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Ken Russell omnibus classics
"It is a possible criticism of him that he sometimes went to excess in the violent expression of passionate emotion, and that at times his material... did not soar above the level of vulgarity" (not the usual criticism of Ken Russell but of Richard Strauss by Percy A. Scholes. The Oxford Companion to Music, 10th edition edited by John Owen Ward)
Dance of the Seven Veils from 1970. Ken Russell at his best and most kitsch, a foretaste of energy and excitement of The Music Lovers. It is his first television film in colour. The film is about composer Richard Strauss, who Russell seems to hate violently, and the comic strip approach and appearance of Hitler alienated his audience. A couple make love on the bed and just behind the bed is an orchestra (a chamber orchestra!!) with Ken Russell himself conducting both the orchestra and the couple. When the Strauss family withdrew permission to use the music after the initial broadcast, Russell substituted Johann Strauss when excerpts from the film were broadcast (as in A British Picture). It was time for Ken to move on from the BBC and back into films.
As with all of Ken's documentaries on composers the film is packed with music illustrating the life of Strauss. But whereas in other films the music gives and insight into the character of the composer, here it is used in parody and so has less resonance. Similarly the character have little depth being played for comedy.
The seven episodes are based on compositions by Strauss.
The Also Sprach Zarathustra episode with philosopher Nietzsche's superman. The music is famous with the first part used in Kubrick's 2001 A Space Odyssey.
Don Juan, a dashing but vain world hero.
Macbeth who killed the king and gained the throne but here a simple buffoon.
Strauss himself as a hero
Heroines, "No hero would be complete without a heroin". Clytemnestra, Salome and Potiphar's wife.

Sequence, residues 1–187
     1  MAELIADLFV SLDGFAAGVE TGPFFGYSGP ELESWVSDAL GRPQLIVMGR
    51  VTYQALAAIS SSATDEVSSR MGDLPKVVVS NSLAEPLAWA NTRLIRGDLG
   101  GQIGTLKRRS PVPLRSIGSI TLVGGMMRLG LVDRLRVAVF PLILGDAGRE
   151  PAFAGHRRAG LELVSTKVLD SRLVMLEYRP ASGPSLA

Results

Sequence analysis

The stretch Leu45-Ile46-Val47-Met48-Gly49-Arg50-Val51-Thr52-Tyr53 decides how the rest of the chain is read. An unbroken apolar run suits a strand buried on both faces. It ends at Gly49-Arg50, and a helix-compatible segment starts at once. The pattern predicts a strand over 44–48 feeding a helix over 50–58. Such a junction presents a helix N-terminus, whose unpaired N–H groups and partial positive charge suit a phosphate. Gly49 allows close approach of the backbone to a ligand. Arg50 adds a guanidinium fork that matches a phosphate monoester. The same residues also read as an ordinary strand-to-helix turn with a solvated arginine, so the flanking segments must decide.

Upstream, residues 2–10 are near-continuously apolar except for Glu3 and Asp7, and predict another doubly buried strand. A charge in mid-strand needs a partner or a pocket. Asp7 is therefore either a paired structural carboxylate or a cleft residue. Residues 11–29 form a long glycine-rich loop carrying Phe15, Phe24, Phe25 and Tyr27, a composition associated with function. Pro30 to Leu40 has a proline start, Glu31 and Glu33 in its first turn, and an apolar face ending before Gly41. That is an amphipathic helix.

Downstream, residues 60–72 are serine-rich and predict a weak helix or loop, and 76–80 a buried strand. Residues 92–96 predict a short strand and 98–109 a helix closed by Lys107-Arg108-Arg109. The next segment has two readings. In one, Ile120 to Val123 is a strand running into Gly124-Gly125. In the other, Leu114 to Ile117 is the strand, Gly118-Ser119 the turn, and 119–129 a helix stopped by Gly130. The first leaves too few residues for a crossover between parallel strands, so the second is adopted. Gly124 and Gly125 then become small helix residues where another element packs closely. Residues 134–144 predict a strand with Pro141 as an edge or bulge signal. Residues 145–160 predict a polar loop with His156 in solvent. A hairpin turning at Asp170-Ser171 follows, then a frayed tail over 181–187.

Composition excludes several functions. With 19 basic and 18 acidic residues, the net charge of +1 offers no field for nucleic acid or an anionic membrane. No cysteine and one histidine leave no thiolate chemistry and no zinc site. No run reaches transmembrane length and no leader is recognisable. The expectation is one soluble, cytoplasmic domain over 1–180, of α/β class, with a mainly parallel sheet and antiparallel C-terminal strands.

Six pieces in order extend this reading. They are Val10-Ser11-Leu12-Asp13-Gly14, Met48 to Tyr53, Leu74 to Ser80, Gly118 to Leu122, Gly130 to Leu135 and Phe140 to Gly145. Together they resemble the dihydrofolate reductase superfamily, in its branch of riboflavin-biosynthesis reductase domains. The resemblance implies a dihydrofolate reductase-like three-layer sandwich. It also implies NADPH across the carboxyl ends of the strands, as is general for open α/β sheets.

The final and longest episode, the war and the new superman, Hitler.
In the Times of 17 Feb 1970 says "The films was remarkable, if in nothing else, for showing such items as rape, violence, copulation and nudity to an extent probably never seen on television before". Ken is quoted as saying on Strauss "I love his music and would not waste my time if I considered him to be artistically worthless".
On anti-Semitism Clemency Burton-Hill writes brings out the contradictions "… Despite being cleared by a German denazification board in June 1948 his music still carried a stigma… Thomas Mann’s denouncement of Strauss as a “Hitlerian composer”... resonated strongly with many people… Strauss accepted Goebbels’ invitation to take up the post of Reichsmusikkammer president… he also refused to blacklist Jewish composers and remained publicly loyal to his Jewish friends and colleagues...- most notably the Austrian-Jewish writer Stefan Zweig, who wrote the libretto for his opera Die Schweigsame Frau… In one of his more shameful episodes, Strauss backpedalled furiously, writing to Hitler to assure him that his missive to Zweig had “not represent[ed] my view of the world nor my true conviction”. Hitler never replied. … There are no easy answers when it comes to the question of art, biography and morality; and the line between resistance, passivity and collaboration in Nazi Germany is arguably the murkiest of all" (Richard Strauss: A reluctant Nazi, BBC Culture Counterpoint 10 Jun 2014 here)
Christopher Gable plays Strauss, showing his versatility when doing films for Ken. Judith Paris gives her usual quality performance.
Paris carries the spectacular and overlooked scene where she stands beside the young Strauss and in seconds puts a mask on the actor instantly turning him into an old man.
The third Russell regular Vladek Sheybal plays Goebbels convincingly with quiet menace.
Strauss is credited on scenario and dialogue, along with Ken and Henry Reed. The unusual Strauss credit is probably to avert criticism by making clear a lot of the dialogue and statements are from writings by Strauss.
Costumes were by Shirley Russell, the film camera man was Peter Hall and film editor Dave King.
The music includes
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